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Daylight lynching and law to prevent it:

  • IAS NEXT, Lucknow
  • 18, Oct 2021
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The recent lynching of a man at Singhu, at the site of the farmers’ protest on the Delhi-Haryana border, the brutality of the hate crime captured and replayed on video, calls for the full force of the law to step in, to bring swift and sure punishment to the guilty.

What happened?

The victim, Lakhbir Singh, an SC labourer who belonged to a village in Tarn Taran, was reportedly accused of an act of beadabi or desecration by his killers, allegedly a group of Nihangs, who tortured him and tied the mutilated body to a police barricade.

 What needs to be done now?

Thugs and lumpens should not be allowed to find any cover. They have played judge, jury, executioner, and the state must urgently identify them and bring them to book.

What is meant by Lynching ?

Any act or series of acts of violence or aiding, abetting (encouraging) such act/acts thereof, whether spontaneous or planned, by a mob on the grounds of religion, race, caste, sex, place of birth, language, dietary practices, sexual orientation, political affiliation, ethnicity or any other related grounds.

How are these cases handled?

There is “no separate” definition for such incidents under the existing IPC. Lynching incidents can be dealt with under Section 300 and 302 of IPC.

  • Section 302 provides that whoever commits murder shall be punished with death or imprisonment for life and shall also be liable to fine. Offence of murder is a cognisable, non- bailable and non-compoundable offence.

SC guidelines:

  • There should be a “separate offence” for lynching and the trial courts must ordinarily award maximum sentence upon conviction of the accused person to set a stern example in cases of mob violence.
  • The state governments will have to designate a senior police officer in each district for taking measures to prevent incidents of mob violence and lynching.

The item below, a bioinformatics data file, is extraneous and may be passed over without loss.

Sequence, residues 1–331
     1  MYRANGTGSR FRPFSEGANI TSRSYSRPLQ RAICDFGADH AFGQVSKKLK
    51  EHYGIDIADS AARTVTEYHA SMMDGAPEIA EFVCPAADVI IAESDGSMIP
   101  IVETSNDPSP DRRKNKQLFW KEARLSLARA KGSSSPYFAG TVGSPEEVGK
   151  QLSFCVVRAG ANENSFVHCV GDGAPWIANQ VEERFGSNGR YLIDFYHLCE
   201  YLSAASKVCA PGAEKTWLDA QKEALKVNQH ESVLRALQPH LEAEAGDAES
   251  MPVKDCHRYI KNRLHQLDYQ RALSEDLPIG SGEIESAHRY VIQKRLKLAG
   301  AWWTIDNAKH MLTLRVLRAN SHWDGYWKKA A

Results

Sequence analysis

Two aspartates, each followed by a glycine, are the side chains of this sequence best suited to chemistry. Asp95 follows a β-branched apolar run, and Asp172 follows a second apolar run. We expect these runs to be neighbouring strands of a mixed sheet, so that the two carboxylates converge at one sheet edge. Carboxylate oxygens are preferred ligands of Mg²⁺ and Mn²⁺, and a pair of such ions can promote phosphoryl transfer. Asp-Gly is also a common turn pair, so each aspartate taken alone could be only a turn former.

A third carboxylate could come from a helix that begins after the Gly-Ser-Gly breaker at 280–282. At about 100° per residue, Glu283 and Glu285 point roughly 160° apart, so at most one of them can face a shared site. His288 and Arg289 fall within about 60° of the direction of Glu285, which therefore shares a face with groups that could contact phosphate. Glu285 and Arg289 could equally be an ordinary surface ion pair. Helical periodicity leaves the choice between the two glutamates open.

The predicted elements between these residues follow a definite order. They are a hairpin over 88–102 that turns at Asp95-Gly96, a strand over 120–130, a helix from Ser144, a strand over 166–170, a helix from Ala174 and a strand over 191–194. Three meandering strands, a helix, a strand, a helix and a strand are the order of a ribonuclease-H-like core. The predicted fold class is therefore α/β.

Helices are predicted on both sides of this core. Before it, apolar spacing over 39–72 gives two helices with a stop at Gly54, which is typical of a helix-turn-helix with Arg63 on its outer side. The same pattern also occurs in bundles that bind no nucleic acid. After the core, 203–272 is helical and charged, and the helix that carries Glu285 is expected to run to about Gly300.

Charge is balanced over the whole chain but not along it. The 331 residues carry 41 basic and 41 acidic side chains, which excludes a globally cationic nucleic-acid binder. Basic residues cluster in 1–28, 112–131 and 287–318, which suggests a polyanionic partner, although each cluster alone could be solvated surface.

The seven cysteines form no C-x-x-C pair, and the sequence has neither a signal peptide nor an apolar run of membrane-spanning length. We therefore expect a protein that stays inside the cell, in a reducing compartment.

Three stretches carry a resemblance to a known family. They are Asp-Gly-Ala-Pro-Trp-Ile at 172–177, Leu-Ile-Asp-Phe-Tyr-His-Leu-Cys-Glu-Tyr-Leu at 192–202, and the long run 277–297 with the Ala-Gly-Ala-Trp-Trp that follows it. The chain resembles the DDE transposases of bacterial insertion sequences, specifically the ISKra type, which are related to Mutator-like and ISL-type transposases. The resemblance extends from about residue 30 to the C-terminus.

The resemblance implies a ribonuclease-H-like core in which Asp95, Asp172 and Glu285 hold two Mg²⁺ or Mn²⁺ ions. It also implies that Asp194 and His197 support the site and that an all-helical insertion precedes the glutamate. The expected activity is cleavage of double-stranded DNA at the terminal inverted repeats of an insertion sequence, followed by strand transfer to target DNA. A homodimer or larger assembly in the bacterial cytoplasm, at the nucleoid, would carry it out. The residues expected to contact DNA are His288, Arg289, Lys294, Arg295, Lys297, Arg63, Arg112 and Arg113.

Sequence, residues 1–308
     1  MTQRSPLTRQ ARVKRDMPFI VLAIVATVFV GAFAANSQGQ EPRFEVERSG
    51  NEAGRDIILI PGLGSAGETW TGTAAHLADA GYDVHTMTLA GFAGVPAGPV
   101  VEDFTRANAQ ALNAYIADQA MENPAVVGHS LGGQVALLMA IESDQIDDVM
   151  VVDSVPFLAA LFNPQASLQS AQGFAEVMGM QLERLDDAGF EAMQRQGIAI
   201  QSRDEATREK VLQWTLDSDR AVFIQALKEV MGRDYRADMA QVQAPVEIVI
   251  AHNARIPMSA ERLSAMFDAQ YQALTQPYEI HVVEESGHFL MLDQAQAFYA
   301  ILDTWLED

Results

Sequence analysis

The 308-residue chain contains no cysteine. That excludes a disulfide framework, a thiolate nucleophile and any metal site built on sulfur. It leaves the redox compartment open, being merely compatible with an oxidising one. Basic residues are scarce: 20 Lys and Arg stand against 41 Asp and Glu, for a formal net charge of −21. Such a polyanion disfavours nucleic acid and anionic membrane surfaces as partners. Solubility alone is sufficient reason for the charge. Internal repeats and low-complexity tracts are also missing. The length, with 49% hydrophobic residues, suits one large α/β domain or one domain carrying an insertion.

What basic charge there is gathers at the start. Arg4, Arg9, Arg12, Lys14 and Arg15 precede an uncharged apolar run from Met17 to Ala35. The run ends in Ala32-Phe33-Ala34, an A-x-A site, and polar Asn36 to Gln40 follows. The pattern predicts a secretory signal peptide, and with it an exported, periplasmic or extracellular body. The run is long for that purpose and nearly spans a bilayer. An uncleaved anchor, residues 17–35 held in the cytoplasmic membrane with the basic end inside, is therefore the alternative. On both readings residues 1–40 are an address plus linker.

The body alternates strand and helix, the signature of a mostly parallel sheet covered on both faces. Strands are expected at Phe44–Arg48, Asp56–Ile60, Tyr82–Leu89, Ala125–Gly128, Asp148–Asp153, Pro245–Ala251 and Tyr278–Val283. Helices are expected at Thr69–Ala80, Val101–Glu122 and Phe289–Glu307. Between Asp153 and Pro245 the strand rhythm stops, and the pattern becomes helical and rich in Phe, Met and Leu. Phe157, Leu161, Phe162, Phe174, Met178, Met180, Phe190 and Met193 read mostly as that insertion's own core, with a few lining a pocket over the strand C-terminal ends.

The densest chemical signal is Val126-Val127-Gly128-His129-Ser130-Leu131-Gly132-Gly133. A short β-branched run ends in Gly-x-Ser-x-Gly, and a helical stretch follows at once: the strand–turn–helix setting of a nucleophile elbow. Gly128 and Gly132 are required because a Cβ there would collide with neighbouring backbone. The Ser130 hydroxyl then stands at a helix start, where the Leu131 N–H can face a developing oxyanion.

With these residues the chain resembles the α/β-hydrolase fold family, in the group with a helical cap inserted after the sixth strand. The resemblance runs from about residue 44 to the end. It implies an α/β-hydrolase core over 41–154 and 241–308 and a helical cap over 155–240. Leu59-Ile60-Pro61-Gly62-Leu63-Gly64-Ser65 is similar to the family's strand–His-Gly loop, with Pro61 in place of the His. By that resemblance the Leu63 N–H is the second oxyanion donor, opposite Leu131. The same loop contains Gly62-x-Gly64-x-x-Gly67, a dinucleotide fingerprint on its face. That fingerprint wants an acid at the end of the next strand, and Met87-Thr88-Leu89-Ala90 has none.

• The state governments need to identify districts, sub-divisions and villageswhere instances of lynching and mob violence have been reported in the recent past.
  • The nodal officers shall bring to the notice of the DGP about any inter-district co-ordination issues for devising a strategy to tackle lynching and mob violence related issues.
  • Every police officer shall ensure to disperse the mob that has a tendency to cause violence in the disguise of vigilantism or otherwise.
  • Central and the state governments shall broadcast on radio, television and other media platforms about the serious consequences of mob lynching and mob violence.
  • Despite the measures taken by the State Police, if it comes to the notice of the local police that an incident of lynching or mob violence has taken place, the jurisdictional police station shall immediately lodge an FIR.
  • The State Governments shall prepare a lynching/mob violence victim compensation scheme in the light of the provisions of Section 357A of CrPC.
  • If a police officer or an officer of the district administration fails to fulfill his duty, it will be considered an act of deliberate negligence.

Need of the hour:

  • Every time there is a case of honor killing, hate crimes, witch hunting or mob lynching we raise demands for special legislation to deal with these crimes.
  • But, the fact is that these crimes are nothing but murders and the existing provisions under IPC and CrPC are sufficient to deal with such crimes.
  • Coupled with the guidelines laid down in Poonawala’s case, we are sufficiently equipped to deal with mob lynching. However, what we lack is due enforcement of the existing laws and accountability of the enforcement agencies.

Attempts by various states in this regard:

  • Manipur government came up first with its Bill against lynching in 2018, incorporating some logical and relevant clauses.
  • Rajasthan government passed a bill against lynching in August 2019.
  • West Bengal too came up with a more stringent Bill against lynching.